They advertise them as, "The best training rounds money can buy." I couldn't resist! I bought mine on Amazon instead of directly from the manufacturer, since I also needed to buy some targets. Free Amazon Prime shipping, too!

They arrived today. They came in a nice plastic container that can be re-used to store them... instead of a disposable plastic clam-shell.
View attachment 77898

Kicking Brass?
The cases are made of nickel-plated brass - just like real premium ammo. Color me impressed! They are also available in regular (non-plated) brass.
The bullets are made of.... LEAD! Yep... according to the manufacturer's website: "Our pistol / rifle snap caps use either full copper jacket or straight lead for the metal tip. Both are coated with colored plastic."

That would explain the very realistic weight of the B's Snap-Caps. There's a huge difference between these and the solid aluminum A-Zooms. It's especially noticeable with a magazine full of them.

Note that the B's Dummy's weight (measured in grams) falls squarely between the WWB FMJ range ammo and the Federal HST hollow point defensive ammo. The A-Zooms are about one third the weight of the real ammo.
View attachment 77900
While I expect the B's Snap-Caps to be more durable by virtue of their construction, there is the added benefit of enhancing the training and testing experience with the realistic weight.
View attachment 77901
I loaded up a mag with all ten B's Dummies and cycled them through my latest build. They worked perfectly.

And, they sure look nice, eh? The laser-etched "B's Dummy's" on the case adds a touch of class. 🤩
View attachment 77902

We'll see how they hold up. After I've used them a while, I'll report back!

Disclaimer: I bought these of my own volition with my own hard-earned money. :cool:
I mentioned in another thread that I make sure the shell rim is "clean" under the extractor on my carry ammo [ the rim gets nicked by the extractor and every time you cycle that first round out, it leaves another mark on the rim. I've seen live ammo fail to extract when fired for this reason.

Once the round has been cycled 3-4 times, it's a practice load, not to be carried [ for reliability purposes ].
 

· Super Moderator
Joined
·
11,090 Posts
I'm interested in the marks we see on the rear of the rim in the photos in post 3. In normal operation of a semi-auto, the round is stripped from the magazine and slides on an upward angle into the chamber. As it enters the chamber, the round rotates toward the horizontal and the rim slides up behind the extractor. There is no reason for an extractor mark to be left on the rear of the rim.

If, on the other hand, if the round is dropped into the chamber with the slide locked back, and then the slide is released to slam forward, the extractor hits the rear of the rim and is forced outward to snap around the rim into its proper position. This is a big no-no in my book, but would account for the marks I think I see. Could this have happened on some of these dummies?

On the other hand, Brownie's remarks above indicate that this kind of wear is normal. What am I missing?
 

· Registered
Joined
·
57,732 Posts
I'm interested in the marks we see on the rear of the rim in the photos in post 3. In normal operation of a semi-auto, the round is stripped from the magazine and slides on an upward angle into the chamber. As it enters the chamber, the round rotates toward the horizontal and the rim slides up behind the extractor. There is no reason for an extractor mark to be left on the rear of the rim.

If, on the other hand, if the round is dropped into the chamber with the slide locked back, and then the slide is released to slam forward, the extractor hits the rear of the rim and is forced outward to snap around the rim into its proper position. This is a big no-no in my book, but would account for the marks I think I see. Could this have happened on some of these dummies?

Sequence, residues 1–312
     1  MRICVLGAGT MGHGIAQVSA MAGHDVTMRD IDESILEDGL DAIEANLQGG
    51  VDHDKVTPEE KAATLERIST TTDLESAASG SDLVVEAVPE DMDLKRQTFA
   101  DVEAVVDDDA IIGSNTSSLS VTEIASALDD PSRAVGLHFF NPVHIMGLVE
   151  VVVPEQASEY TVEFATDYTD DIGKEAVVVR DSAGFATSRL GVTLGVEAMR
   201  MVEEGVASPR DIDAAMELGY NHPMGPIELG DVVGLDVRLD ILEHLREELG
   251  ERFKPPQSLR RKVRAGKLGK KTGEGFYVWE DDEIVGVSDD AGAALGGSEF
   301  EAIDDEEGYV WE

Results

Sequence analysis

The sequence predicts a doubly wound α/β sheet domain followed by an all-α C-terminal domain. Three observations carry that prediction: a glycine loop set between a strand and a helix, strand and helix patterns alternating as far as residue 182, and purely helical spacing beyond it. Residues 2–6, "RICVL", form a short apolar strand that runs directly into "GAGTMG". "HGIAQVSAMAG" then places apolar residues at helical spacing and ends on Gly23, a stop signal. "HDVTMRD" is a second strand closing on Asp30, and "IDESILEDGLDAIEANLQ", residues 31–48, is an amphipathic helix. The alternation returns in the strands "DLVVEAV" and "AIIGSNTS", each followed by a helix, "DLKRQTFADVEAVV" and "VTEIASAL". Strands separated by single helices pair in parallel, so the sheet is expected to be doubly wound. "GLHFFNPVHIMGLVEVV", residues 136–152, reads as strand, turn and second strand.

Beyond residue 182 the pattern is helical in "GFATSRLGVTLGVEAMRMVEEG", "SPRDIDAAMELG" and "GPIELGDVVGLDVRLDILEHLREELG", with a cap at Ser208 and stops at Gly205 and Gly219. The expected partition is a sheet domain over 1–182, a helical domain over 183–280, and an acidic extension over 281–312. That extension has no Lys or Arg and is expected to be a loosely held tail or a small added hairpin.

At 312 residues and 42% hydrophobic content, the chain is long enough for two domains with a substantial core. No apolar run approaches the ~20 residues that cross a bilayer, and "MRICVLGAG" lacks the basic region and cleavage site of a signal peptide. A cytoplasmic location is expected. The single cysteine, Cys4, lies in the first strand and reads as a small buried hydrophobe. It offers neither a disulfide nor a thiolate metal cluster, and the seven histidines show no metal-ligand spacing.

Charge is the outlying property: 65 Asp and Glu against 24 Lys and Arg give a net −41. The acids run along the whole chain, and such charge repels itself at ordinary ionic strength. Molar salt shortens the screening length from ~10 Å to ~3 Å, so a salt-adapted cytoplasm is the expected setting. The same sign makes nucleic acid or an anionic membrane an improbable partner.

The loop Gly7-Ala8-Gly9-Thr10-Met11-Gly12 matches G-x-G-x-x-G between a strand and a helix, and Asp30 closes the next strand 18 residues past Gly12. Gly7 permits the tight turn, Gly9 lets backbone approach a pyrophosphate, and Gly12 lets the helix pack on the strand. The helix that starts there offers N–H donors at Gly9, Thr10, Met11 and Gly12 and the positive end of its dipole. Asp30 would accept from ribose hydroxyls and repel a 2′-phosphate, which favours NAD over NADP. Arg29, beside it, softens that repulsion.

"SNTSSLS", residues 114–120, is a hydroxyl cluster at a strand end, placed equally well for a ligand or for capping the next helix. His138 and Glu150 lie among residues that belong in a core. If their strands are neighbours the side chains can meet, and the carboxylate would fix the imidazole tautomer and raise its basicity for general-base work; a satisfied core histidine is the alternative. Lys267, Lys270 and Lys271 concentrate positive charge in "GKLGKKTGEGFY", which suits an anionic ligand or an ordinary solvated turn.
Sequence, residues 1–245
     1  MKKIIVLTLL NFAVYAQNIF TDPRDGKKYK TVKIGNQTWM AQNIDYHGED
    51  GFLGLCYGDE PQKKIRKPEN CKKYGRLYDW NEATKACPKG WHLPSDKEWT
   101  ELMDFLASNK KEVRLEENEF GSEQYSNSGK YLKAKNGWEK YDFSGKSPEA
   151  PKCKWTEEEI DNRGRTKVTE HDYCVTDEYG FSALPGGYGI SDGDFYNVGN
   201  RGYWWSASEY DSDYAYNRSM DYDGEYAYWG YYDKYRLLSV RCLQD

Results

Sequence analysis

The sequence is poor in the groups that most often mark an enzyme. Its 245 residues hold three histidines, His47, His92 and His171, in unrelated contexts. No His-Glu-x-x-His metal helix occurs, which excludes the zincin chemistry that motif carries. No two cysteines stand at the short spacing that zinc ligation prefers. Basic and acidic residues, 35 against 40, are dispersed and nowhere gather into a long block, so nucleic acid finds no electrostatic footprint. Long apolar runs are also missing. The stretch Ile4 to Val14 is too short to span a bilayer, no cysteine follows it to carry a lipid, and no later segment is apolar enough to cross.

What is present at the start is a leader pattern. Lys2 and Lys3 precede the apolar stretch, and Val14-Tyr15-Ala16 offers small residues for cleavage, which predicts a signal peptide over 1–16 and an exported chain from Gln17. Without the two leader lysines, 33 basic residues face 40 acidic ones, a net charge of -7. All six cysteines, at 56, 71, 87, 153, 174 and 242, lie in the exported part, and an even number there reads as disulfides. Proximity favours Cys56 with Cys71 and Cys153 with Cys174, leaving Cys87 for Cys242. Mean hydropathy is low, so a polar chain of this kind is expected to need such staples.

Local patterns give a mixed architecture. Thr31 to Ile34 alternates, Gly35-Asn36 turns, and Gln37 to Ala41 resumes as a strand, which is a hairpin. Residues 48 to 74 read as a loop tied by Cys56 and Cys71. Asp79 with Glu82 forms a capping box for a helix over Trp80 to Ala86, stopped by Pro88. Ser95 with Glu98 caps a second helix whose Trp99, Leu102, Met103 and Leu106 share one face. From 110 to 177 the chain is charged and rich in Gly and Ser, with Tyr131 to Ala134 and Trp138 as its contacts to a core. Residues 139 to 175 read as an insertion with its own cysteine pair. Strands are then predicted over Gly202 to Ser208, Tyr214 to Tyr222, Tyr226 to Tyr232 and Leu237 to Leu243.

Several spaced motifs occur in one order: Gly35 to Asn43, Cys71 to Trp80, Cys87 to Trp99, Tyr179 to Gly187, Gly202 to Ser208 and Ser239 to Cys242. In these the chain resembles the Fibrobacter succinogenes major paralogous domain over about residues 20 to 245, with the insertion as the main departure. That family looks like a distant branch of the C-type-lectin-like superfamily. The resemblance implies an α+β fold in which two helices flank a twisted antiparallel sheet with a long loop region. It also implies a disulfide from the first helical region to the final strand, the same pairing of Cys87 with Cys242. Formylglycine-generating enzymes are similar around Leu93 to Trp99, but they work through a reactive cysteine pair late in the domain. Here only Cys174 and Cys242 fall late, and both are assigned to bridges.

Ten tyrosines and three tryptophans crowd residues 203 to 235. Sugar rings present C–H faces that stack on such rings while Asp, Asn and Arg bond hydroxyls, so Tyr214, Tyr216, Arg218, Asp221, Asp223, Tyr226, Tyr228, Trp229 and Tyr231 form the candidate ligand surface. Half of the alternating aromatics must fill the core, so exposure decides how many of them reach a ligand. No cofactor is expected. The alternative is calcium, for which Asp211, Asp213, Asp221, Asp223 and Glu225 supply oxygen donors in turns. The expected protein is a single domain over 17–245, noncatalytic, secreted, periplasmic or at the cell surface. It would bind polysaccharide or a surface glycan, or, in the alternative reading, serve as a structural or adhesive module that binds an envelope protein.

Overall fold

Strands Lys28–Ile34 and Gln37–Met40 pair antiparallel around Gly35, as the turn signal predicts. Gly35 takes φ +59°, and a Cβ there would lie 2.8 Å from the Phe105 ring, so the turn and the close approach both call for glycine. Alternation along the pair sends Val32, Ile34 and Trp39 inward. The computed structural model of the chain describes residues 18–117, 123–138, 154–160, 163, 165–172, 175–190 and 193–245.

On the other hand, Brownie's remarks above indicate that this kind of wear is normal. What am I missing?
Not sure what you're missing, the extractor leaves digs on the rim of the case in all my semi's. I've been making sure the rim where the extractor will grab it is "clean" of former extractor marks nearly forever. Once it's been chambered and extracted 3-4 times, that round will never see my chamber again except in practice.

It's not leaving those digs on the brass when being loaded, but when being extracted
 

· Registered
Joined
·
16,548 Posts
Discussion Starter · #14 ·
I'm interested in the marks we see on the rear of the rim in the photos in post 3. In normal operation of a semi-auto, the round is stripped from the magazine and slides on an upward angle into the chamber. As it enters the chamber, the round rotates toward the horizontal and the rim slides up behind the extractor. There is no reason for an extractor mark to be left on the rear of the rim.

If, on the other hand, if the round is dropped into the chamber with the slide locked back, and then the slide is released to slam forward, the extractor hits the rear of the rim and is forced outward to snap around the rim into its proper position. This is a big no-no in my book, but would account for the marks I think I see. Could this have happened on some of these dummies?
You talking about this?
Liquid Lipstick Cosmetics Fluid Office supplies


To answer your question... No. I'm not dropping the rounds into the chamber directly and then closing the slide.

Bear in mind that these particular snap caps are made of Aluminum. It's relatively soft metal. And they've been cycled probably a couple hundred times, at least. But not the "thousands" of cycles the manufacturer claims is possible before wearing them out.

I believe the extractor is literally ripping pieces off the rim as I extract them during testing. Mind you... I'm not riding the slide or babying it. I'm RACKING it. Forcefully... the way it's meant to operate.

The new snap caps use gen-you-wine brass. They hold up much better, so far.
 
  • Like
Reactions: BeerHunter
1 - 15 of 15 Posts
Top